Selector speed (was Re: Uploader Broken! > Re: [Commits] svn commit: 6068)

Colin Clark colin.clark at utoronto.ca
Wed Nov 19 23:13:27 UTC 2008


Eli,

On 19-Nov-08, at 5:22 PM, Eli Cochran wrote:

> However, the slowness was because we rephrased our selector for
> fileRows from "tr:not(#queue-row-tmplt)" to ":not(#queue-row-tmplt)".
>
> tr:not(#queue-row-tmplt) means "all *row elements* that do not have an
> id of "queue-row-tmplt".
>
> while
>
> :not(#queue-row-tmplt) means *any and all* elements that do not have
> an id of "queue-row-tmplt".
>
> so while the former forced jQuery to inspect every row element and
> return all but one of those rows, the latter selector forced jQuery to
> inspect each and every element in the container and return all but one
> of those.
>
> It's really quite surprising that all it did was slow down.

This is an interesting observation. Have you seen any good breakdowns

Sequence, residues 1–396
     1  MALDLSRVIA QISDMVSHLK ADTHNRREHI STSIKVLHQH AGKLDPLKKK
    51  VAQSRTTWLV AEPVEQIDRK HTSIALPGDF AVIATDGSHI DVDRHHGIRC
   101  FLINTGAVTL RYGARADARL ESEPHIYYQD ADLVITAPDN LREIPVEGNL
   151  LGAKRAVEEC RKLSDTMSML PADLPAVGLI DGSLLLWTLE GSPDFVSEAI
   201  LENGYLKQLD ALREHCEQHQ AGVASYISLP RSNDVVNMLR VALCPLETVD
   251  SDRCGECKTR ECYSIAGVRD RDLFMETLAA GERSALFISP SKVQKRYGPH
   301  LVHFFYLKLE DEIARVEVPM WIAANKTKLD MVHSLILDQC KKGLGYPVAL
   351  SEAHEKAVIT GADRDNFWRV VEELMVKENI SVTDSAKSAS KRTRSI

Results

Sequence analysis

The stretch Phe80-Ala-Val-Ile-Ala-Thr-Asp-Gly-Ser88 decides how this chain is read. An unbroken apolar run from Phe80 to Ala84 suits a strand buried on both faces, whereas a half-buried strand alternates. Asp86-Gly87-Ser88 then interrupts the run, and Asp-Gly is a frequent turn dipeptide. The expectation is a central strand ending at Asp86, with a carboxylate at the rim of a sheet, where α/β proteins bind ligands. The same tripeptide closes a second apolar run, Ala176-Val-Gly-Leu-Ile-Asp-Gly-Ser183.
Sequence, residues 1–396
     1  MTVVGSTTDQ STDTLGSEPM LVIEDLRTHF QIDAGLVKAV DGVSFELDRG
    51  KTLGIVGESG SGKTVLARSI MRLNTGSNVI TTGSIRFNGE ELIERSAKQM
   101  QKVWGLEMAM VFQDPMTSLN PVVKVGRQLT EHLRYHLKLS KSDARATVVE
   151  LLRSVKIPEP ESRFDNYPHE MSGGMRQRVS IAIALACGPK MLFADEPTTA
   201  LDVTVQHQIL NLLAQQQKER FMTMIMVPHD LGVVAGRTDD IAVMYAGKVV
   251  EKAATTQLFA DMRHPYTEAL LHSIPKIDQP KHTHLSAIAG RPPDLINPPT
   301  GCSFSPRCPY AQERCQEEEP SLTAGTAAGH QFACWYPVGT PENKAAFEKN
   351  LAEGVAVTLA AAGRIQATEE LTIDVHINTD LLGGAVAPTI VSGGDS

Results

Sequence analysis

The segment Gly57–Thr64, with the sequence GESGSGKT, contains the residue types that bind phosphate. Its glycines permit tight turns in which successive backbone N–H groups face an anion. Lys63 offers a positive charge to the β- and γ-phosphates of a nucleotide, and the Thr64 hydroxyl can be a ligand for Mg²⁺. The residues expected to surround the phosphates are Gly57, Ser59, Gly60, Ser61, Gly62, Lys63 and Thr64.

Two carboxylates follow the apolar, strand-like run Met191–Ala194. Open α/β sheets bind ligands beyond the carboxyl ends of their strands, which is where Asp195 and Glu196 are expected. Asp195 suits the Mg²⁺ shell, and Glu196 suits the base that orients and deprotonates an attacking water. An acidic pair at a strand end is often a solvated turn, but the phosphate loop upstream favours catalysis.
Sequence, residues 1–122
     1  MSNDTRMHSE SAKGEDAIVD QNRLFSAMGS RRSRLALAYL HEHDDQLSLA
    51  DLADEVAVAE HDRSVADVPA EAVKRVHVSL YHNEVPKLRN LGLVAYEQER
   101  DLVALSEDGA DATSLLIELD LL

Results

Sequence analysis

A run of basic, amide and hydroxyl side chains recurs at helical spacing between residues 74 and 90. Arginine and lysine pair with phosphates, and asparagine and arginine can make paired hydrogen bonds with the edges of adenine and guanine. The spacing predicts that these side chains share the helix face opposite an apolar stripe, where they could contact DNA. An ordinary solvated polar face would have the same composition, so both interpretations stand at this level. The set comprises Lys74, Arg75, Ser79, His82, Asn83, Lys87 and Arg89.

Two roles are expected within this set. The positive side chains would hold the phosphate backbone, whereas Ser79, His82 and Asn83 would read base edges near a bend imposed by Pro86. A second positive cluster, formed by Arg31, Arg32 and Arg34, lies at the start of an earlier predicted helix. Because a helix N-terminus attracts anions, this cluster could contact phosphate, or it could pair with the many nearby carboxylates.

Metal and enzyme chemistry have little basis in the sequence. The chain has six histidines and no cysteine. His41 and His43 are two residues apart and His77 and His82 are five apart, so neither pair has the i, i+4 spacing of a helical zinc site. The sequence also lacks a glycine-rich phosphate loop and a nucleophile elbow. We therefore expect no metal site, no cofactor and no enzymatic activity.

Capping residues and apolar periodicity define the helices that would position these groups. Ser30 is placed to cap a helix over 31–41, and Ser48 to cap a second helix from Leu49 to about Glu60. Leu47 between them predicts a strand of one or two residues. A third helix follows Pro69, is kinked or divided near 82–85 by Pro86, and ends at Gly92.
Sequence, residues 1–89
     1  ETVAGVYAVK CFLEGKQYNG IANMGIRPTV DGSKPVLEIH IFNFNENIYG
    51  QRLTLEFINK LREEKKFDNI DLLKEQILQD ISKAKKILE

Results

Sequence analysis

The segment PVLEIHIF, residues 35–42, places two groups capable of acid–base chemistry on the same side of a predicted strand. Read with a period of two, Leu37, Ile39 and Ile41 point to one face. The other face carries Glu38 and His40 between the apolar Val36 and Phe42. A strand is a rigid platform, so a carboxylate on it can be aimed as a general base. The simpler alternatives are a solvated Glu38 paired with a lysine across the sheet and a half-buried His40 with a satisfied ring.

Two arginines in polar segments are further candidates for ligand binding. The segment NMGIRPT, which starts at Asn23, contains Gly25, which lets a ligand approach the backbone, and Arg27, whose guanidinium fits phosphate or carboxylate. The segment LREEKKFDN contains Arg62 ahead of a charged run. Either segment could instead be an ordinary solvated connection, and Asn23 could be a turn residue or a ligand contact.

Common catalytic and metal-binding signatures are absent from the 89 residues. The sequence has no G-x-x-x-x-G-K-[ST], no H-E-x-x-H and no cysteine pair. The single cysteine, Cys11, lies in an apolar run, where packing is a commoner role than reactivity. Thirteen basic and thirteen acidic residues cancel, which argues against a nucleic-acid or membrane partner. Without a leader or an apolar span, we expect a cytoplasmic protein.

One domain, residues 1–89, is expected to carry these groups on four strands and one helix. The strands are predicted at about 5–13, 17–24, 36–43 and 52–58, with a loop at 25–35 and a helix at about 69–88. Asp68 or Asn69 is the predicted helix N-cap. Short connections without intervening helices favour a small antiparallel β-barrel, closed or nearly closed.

of the performance of particular selectors? Say, element type vs.  
class selectors? It's clear that a more specific query will always be  
faster. This is one of the reasons the DOM Binder encourages component  
developers to scope our queries within a particular container.

As part of the optimization phase of component development, we should  
probably assess the specificity of our default selectors and ensure  
that they make a decent trade-off between flexibility and speed. The  
nice thing about our "selectors" option is that, when people use their  
own markup, they can also pass along custom selectors that run really  
fast for their particular context. Our defaults can thus be optimized  
for our default markup.

Interesting stuff,

Colin

---
Colin Clark
Technical Lead, Fluid Project
Adaptive Technology Resource Centre, University of Toronto
http://fluidproject.org




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